When we sing an African-American spiritual during worship does that act honor another culture or is it cultural misappropriation? Can we hold a Seder if we’re not Jewish? Can our children make Native American dream catchers in religious education classes?
As Unitarian Universalists we take pride in being open to many religious traditions and cultures and we often draw from them in our own worship. But when we do, it’s important that we be aware of how we’re using those words and symbols of other cultures, says Rev. Sofia Betancourt, Program Coordinator in the Unitarian Universalist Association's (UUA's) Office of Racial and Ethnic Concerns.
Cultural misappropriation is a complicated issue, says Betancourt, but one which we need to think about. “We talk about needing to become more multicultural if we want to attract people who are different from us. At the same time we have to have some understanding of what has value in different communities.”
Something as simple as changing a word in a song can have a deeper meaning than we might first think. Betancourt notes that Ysaye Barnwell, of the musical group Sweet Honey in the Rock, has pointed out that changing the word “Master” to “Father” in an African-American spiritual might make some people feel more comfortable, but it disrespects the original meaning. “Having a group of enslaved people choose a god as their master rather than the slave owner is a hugely powerful theological statement,” says Betancourt, paraphrasing Barnwell. “To change Master to Father for our own comfort is doing a huge disservice to that community.”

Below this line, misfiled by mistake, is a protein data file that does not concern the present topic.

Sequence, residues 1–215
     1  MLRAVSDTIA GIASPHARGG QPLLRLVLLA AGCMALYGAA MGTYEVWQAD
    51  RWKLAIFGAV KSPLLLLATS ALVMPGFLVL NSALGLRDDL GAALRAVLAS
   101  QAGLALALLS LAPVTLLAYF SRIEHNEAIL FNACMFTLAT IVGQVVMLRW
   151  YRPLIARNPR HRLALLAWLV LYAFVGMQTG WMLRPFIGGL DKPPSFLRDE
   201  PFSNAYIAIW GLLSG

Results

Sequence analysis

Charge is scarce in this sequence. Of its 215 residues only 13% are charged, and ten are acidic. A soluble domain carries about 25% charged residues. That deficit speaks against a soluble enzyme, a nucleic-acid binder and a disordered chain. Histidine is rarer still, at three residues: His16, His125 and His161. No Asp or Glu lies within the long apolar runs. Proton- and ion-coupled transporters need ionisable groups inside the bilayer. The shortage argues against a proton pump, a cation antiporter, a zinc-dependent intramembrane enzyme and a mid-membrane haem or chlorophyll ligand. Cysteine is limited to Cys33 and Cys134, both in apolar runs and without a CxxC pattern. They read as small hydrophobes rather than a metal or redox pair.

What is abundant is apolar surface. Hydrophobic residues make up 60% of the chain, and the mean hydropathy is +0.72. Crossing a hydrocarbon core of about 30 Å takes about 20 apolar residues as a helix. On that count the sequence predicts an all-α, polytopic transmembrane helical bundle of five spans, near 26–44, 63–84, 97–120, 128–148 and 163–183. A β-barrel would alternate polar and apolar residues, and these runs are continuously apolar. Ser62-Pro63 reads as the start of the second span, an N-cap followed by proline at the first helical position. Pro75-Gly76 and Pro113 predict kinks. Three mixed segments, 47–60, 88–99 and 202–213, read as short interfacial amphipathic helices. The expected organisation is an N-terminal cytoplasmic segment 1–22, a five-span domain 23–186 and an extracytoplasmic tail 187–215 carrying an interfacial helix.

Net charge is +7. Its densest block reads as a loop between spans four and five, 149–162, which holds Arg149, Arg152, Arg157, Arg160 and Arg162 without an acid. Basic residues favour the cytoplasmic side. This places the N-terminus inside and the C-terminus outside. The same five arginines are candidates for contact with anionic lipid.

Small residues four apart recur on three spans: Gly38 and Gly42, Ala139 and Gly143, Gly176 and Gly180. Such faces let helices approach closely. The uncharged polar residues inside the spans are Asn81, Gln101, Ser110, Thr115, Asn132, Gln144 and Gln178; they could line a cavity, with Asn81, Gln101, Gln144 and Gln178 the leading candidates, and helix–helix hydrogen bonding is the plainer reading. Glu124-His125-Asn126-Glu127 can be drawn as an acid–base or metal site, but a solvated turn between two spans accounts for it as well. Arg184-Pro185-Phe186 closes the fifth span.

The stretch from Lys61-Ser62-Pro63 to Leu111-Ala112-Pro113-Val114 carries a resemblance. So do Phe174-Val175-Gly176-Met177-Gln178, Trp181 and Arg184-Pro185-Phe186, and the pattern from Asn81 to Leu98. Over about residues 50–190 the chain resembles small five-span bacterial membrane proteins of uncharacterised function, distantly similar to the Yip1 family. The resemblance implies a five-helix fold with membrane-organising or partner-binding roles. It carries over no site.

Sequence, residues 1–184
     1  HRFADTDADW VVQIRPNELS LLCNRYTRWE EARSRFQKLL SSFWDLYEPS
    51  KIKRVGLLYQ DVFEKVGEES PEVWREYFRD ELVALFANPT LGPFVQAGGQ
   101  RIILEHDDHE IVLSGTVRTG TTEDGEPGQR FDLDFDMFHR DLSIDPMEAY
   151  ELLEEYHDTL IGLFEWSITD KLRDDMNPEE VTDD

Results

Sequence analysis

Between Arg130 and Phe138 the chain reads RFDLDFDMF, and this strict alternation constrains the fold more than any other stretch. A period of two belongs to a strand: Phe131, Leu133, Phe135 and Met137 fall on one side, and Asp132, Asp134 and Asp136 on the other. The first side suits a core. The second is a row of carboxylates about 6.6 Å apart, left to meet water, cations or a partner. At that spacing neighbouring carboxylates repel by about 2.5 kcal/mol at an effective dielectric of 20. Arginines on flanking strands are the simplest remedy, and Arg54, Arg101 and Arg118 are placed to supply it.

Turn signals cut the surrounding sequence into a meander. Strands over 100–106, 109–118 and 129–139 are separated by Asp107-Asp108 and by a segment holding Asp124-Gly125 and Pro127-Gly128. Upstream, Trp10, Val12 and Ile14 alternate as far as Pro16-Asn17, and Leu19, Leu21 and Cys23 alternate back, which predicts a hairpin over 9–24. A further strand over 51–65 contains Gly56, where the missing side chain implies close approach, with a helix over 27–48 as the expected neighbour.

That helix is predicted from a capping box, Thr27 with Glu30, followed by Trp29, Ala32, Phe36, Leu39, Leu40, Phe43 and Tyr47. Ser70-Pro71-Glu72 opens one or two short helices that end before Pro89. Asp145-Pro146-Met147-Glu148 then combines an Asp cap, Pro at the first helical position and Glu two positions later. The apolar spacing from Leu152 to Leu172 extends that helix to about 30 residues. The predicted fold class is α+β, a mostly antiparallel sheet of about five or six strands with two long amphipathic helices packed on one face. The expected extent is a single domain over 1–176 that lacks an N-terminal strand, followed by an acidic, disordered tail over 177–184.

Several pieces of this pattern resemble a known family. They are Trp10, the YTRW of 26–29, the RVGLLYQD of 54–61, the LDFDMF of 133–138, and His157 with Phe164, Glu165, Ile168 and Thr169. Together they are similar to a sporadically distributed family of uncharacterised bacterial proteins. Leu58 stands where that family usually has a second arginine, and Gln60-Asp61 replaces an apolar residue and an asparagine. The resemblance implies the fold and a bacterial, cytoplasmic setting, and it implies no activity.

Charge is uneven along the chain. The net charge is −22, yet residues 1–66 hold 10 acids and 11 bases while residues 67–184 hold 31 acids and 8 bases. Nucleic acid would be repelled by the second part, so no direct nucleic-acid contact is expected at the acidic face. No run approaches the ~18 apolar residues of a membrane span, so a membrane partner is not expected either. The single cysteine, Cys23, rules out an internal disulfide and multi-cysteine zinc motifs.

Before using a piece of music, a reading, or an artifact from another culture, research it, she says. “Ask yourself how you are in relationship to that culture and why you are using it.” Include information about it in the service so people understand its original significance.
Rev. Danielle DiBona, first vice president of Diverse & Revolutionary Unitarian Universalist Multicultural Ministries and a member of the General Assembly Cultural Appropriation Consultation Team, appointed in 2006 to monitor cultural appropriateness at General Assemblies adds, “If you’re getting ready to do something in your congregation and you wonder if it might be cultural misappropriation, then step back and think about it further.”
But make a distinction between education and misappropriation, says DiBona, who is descended from the Wampanoag Native American Nation. “There’s a difference between teaching children about a culture by making dream catchers or masks and using parts of a culture’s religious practices in our own worship services.”
It can take courage, says DiBona, for someone, especially a person of color, to confront misappropriation in a worship service or elsewhere. “If I do that, what I don’t want to be told is that I misunderstood what I experienced or that it was done as a way of honoring my tradition,” she says. “That defeats the conversation. What is helpful is to have a conversation about the meaning of ritual and how my people lost their language and way of life to genocide and now their religion is being taken too.”
“If you want to honor Native Americans or other groups then start by making a relationship with those groups in your community. It will enrich them, and we will benefit as well.”
- For questions about what might constitute misappropriation, contact the UUA’s Identity-Based Ministries staff group or the Unitarian Universalist Musicians Network.
- “Cornrows, Kwanzaa, and Confusion: The Dilemma of Cultural Racism and Misappropriation,” an article by Rev. Marjorie Bowens-Wheatley is available online.